T5 for Code Understanding and Generation

CodeT5 architecture for code understanding and generation tasks. Figure source: Wang et al. (2021)

Systems for code understanding and generation are widely being researched as language models' capabilities keep improving. Due in part to architectural limitations, models like BERT and GPT are suboptimal for generation and understanding tasks, respectively. Specially designed models for code-related tasks like CodeBERT employ conventional NLP pretraining techniques that may not be optimal for capturing rich structural information in code. Wang et al. (2021) recently proposed CodeT5, a model that better captures rich code semantics and support both code-related understanding and generation tasks. 

CodeT5 is built on top of the capabilities of T5 and represents a pretrained encoder-decoder model that considers token type in code. CodeT5 leverages informative identifiers by training the model, via an identifier-aware objective, to distinguish identifier tokens and recover them when masked. Developers use these identifiers to make code more understandable and preserve rich code semantics. The model also leverages the natural language - programming language (i.e., comment - code) pairs available in source code to learn better cross-modal alignment. Results show that CodeT5 attains state-of-the-art results on several sub-tasks in the CodeXGLUE benchmark.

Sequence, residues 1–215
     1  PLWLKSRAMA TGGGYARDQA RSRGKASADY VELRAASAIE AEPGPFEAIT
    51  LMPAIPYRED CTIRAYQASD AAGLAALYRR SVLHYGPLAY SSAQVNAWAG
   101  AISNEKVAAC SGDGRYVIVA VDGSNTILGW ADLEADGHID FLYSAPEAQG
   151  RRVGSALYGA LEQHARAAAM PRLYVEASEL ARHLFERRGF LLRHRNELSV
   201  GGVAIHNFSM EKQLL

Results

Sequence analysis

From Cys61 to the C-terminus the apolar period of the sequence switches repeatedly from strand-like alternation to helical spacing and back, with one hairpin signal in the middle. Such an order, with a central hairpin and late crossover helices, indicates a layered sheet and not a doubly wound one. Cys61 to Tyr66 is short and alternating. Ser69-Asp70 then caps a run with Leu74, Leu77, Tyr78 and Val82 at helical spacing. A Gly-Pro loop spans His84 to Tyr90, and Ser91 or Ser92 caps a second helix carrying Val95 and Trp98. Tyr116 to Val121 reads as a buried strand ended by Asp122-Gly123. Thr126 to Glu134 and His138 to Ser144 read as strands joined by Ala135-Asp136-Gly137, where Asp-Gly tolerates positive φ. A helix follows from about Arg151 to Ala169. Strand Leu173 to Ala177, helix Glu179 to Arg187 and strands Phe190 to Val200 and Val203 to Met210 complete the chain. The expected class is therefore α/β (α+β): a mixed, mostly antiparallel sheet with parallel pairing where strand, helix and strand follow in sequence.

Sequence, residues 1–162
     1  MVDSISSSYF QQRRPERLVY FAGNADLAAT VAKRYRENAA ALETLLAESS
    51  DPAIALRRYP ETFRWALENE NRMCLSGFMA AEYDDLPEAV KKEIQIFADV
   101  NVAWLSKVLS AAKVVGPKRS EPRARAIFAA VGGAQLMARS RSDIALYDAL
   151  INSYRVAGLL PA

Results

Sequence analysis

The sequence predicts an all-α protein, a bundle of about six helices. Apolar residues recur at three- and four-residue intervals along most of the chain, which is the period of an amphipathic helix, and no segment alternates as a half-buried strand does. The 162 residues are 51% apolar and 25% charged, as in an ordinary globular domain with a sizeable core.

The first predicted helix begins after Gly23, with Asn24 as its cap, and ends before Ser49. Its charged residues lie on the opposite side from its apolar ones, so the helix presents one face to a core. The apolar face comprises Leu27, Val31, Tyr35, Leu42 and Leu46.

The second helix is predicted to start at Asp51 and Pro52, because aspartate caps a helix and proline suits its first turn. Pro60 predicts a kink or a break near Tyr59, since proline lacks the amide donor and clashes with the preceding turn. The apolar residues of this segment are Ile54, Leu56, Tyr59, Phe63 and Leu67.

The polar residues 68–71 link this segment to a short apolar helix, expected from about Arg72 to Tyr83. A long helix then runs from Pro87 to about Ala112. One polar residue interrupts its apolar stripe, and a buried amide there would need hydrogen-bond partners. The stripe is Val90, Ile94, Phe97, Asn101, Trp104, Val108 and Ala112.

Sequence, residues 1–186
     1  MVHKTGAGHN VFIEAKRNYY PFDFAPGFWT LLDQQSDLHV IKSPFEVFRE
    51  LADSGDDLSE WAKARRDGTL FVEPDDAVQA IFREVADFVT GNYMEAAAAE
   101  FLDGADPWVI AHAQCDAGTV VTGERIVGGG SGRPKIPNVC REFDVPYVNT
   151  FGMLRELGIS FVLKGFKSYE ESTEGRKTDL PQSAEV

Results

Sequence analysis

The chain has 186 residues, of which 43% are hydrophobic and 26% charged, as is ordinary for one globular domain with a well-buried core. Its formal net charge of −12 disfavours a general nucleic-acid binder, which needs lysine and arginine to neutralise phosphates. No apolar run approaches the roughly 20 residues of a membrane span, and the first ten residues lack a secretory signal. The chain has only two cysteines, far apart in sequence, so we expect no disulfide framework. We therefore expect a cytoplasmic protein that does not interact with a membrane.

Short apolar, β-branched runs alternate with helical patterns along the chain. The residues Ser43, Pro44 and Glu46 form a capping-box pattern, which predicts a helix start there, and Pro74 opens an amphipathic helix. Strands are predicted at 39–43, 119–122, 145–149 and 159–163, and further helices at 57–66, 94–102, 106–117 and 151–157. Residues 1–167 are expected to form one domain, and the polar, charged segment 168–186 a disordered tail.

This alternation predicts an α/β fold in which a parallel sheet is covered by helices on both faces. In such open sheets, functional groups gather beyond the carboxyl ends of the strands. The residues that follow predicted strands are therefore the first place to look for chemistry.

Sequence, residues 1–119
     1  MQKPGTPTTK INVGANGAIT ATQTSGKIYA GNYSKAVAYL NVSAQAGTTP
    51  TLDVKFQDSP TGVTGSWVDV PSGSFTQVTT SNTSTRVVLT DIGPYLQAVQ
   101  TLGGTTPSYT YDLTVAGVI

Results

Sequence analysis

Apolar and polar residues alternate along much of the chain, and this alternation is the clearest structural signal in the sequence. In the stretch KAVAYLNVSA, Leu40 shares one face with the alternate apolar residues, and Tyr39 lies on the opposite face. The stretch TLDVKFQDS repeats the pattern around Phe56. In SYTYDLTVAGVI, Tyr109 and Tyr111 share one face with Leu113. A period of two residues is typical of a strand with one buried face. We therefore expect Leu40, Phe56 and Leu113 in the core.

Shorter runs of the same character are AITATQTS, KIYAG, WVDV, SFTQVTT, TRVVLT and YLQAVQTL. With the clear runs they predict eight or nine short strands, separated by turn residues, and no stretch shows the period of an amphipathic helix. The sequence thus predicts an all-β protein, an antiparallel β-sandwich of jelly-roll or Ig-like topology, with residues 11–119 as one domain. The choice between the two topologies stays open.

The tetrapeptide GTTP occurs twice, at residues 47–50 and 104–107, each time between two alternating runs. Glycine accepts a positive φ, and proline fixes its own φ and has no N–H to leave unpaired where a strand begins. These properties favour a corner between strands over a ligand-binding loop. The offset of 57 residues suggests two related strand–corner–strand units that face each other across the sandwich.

Paper & Code

Top Trending Papers of August 2021 🏆

Below we highlight the top trending papers of August 2021 on Papers with Code:

📄 Paint Transformer - Liu et al. (2021) - 332 ★ 

📄 Task-aligned One-stage Object Detection Feng et al. (2021) - 150 ★ 

📄 Image Restoration Using Swin Transformer Liang et al. (2021) - 385 ★ 

📄 Sketch Your Own GAN Wang et al. (2021) - 422 ★ 

📄 You Only Look Once for Panoptic Driving Perception Wu et al. (2021) - 556 ★

📄 Segmenting Objects with Transformers Guo et al. (2021) - 85 ★ 

📄 Open-source Codebase for Cross-modal Analytics Li et al. (2021) - 722 ★

📄 An Automated Video Action Recognition System - Zha et al. (2021) - 212 ★ 

📄 Improving NLP Accuracy over OCR Documents Gupte et al. (2021) - 159 ★

📄 High-Resolution Video Matting with Temporal Guidance Lin et al. (2021) - 716 ★ 

Trending Libraries and Datasets 🛠

Trending datasets